Wednesdays aren’t known as seminal days but it was for us. It could have been a typical Wednesday counting hours down to the weekend and it was only a few minutes that ensured it wasn’t. We could have easily missed each other. But we had a date with destiny. As the rain clouds scattered outside, we huddled inside, hiding from work. The conversation started with the mundane. Slowly, the conversation shifted. Books were a safe topic for work friends, personal but not too personal. Then it happened. We decided we were going to write a book. Looking at what’s published, it couldn’t be that hard. More specifically, my grandfather. A man who crash landed in the South Pacific during World War 2, punched a shark and partied with cannibals. That may be a glorified remembrance of the moment or how I actually sold it. Either way Ryan was hooked. The book should be easy to sell. World War 2 stories were in vogue and with a little research the book could be printing in time for the holiday season. Looking back, agreeing to this was the easiest part of it. Neither of us had the slightest clue of how to write a book. We assumed we would need an outline and research. And a schedule wouldn’t hurt anything. We would quickly learn that we were slightly mistaken in our estimates of both time and research. Properly researching a book, as it turns out, is a time consuming process, so is actually writing it out. We would deal with those problems when we got there, but for now we were hopelessly optimistic about our chances.

I don’t know if we were really that interested in writing a book or simply excited at the avenues that could be opened up as published authors. The idea of being writers was appealing to us but there was something more to it than that. We wanted more than a life as city workers.  This was our way to build a life of more. Not more stuff. More meaning. It was here that we acknowledged that Jesus changed the world when He was thirty three and our average age was thirty two. It was never too late to start building something. As Jesus was the Son of God, He had a few significant advantages over us. We quickly accepted that we were neither going to change the world when we were thirty three nor on as a dramatic scale as the Son of God. All this was said with belly laughs, which drew unnecessary attention to our loafing. Despite the laughter there was a seriousness that we kept at bay with our laughter. We wanted more from life. That was never in question but I don’t think either of us was prepared to accept that we had found more in our office lobby.

The allure of my grandfather was genuine. We weren’t looking at him and his story as nothing more than a vehicle for us to encounter our better envisioned future. He was an enigma to me. There was little I can recall about him. He mostly was a presence in my life. We spent time together but I can’t say there was a ever a bond between us beyond him being my grandfather. He was quiet. That is probably what I remember most about him. It’s also the thing that made it the hardest to know him. The problem was exacerbated by my social awkwardness as a child which can be contributed to how similar Leo and I were. We both enjoyed our own company to a great degree. People often felt like an option in life. An additional side with dinner. We said little because we weren’t entirely sure of how to exist in relationship with others. We were content by ourselves. This left a gap between us (and most of the world) that neither were much bothered by or much interested in finding a way across.  So Leo was left as almost a ghost haunting my childhood. A quiet, dutiful spirit that came, ever ignoring the call to stay. The book would be a way to finally find a road between, a chance to know the man that had existed throughout my childhood.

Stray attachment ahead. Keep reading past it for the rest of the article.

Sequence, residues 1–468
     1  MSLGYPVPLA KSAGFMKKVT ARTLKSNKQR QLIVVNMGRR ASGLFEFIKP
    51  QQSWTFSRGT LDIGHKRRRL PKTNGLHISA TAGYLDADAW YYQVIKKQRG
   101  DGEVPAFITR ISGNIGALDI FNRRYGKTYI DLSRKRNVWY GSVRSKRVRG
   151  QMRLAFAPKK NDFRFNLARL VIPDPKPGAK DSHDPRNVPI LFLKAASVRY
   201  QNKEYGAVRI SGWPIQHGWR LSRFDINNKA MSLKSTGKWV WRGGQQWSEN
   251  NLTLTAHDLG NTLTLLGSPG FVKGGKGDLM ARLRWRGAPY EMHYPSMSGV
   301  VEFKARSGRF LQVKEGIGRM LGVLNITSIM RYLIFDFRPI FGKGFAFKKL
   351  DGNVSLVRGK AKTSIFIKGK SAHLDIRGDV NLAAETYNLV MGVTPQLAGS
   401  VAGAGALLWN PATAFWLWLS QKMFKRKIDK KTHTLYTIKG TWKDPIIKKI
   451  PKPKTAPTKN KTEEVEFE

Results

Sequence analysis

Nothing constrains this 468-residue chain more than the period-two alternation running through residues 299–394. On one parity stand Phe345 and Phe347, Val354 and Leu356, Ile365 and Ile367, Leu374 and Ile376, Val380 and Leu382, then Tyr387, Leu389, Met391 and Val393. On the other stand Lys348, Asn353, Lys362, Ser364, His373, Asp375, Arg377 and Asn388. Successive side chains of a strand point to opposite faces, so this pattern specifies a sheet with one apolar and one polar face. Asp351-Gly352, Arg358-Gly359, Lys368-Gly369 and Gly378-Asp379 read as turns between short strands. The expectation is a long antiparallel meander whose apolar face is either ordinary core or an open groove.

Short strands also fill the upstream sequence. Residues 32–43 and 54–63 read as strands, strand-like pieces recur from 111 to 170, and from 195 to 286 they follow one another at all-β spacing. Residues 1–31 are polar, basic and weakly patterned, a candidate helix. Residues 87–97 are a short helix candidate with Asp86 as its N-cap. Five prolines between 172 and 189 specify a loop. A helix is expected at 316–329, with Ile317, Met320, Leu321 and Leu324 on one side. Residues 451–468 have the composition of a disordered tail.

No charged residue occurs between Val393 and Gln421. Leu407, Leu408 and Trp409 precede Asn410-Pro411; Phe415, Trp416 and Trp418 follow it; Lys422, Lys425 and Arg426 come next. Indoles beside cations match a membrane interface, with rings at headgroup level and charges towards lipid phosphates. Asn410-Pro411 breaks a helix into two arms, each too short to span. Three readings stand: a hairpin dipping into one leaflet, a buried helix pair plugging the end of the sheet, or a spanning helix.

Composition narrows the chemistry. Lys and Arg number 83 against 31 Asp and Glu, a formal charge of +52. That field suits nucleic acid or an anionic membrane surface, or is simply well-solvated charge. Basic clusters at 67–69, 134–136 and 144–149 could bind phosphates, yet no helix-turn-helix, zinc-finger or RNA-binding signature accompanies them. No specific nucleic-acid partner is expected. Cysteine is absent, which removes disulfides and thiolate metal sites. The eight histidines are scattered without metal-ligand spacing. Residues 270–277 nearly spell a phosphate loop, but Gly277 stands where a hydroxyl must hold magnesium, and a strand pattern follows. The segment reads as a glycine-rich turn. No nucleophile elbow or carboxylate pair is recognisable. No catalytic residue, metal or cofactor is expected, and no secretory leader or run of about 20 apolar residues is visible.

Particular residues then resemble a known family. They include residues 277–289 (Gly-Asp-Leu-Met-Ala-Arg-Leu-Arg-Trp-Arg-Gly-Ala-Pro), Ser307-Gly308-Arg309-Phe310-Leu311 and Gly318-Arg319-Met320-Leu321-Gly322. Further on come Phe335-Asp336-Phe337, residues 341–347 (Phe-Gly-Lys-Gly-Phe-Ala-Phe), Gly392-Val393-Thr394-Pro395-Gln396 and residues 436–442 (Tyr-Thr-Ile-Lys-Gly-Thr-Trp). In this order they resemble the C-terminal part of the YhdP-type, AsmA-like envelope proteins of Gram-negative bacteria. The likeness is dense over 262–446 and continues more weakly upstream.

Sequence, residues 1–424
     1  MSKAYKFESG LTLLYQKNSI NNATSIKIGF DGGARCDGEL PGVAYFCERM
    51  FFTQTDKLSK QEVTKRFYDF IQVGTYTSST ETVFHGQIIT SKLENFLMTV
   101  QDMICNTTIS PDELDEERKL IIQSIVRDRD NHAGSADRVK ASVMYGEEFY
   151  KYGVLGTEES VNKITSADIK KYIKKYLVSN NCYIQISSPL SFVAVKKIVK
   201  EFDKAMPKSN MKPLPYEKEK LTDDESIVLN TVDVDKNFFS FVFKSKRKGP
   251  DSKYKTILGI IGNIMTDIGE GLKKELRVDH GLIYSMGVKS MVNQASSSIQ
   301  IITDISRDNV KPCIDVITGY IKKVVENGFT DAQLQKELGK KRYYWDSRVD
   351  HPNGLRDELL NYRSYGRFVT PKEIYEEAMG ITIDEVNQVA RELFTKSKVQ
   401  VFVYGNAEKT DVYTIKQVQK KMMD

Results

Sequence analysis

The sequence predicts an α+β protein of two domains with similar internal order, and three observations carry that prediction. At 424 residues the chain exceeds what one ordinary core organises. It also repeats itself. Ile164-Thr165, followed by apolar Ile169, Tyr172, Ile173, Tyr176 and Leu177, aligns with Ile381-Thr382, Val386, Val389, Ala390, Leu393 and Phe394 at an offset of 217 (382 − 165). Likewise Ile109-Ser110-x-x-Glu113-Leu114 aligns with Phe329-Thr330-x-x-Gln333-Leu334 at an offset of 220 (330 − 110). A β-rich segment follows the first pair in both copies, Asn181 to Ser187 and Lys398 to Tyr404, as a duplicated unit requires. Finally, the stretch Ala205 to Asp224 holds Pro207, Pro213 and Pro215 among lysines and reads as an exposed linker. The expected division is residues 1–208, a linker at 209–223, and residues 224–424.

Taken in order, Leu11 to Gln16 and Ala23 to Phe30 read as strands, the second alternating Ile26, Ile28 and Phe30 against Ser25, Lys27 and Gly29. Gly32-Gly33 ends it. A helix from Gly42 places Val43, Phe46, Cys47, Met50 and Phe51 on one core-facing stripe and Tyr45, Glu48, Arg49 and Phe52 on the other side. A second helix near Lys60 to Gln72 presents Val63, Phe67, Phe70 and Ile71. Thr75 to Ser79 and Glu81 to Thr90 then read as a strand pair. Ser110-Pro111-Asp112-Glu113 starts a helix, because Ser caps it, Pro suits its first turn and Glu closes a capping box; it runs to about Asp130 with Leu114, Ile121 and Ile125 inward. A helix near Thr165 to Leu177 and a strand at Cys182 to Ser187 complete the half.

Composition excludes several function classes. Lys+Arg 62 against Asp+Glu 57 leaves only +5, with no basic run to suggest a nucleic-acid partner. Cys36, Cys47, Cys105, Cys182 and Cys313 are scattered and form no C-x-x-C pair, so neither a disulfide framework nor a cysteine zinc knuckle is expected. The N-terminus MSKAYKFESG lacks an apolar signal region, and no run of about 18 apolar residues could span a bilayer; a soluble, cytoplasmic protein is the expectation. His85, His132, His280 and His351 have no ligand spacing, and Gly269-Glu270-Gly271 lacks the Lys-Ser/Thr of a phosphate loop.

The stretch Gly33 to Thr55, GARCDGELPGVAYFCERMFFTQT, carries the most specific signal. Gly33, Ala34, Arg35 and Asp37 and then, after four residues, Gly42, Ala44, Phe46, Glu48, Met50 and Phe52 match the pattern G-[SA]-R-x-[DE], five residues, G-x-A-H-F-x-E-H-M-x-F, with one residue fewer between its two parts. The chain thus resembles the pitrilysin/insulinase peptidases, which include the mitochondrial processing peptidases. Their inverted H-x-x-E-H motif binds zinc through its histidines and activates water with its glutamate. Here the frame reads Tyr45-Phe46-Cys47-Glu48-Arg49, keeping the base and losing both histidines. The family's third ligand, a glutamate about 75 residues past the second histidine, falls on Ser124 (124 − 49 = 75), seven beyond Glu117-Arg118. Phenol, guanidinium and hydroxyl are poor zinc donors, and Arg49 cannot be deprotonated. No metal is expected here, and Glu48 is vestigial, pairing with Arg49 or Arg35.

Like that, we were off and running.  What started with unbridled enthusiasm would eventually encounter life and reality, both of which would slow us down. This journey would move in fits and starts. Sometimes we were consumed by the enthusiasm of it. Other times we were weighed down by the difficulty of the task we accepted. There was rarely a middle ground. And often times we simply moved forward because we had agreed to. It seems that we mostly kept pursuing it because we had agreed to. A begrudging stubbornness drug us forward when we our wide eyed wonderment faded and hope of completing this book had been trampled by reality. We took turns on watch. Neither of us was fully responsible for setting the pace. As one of us fell behind, the other would carry the promise of it all forward. Calling the other along. Neither of us seemed particularly suited to this role, at least in this context. Our hopes generally existed in a realm alongside some of history’s greatest fiction, so they could easily capsize.  Given they had little tether to reality. This would show itself to be an exhausting emotional rollercoaster over time as we quickly and regularly travelled the distance between hope and disillusionment. Our only saving grace is that we somehow always found ourselves at opposite points. Our despairs never lined up.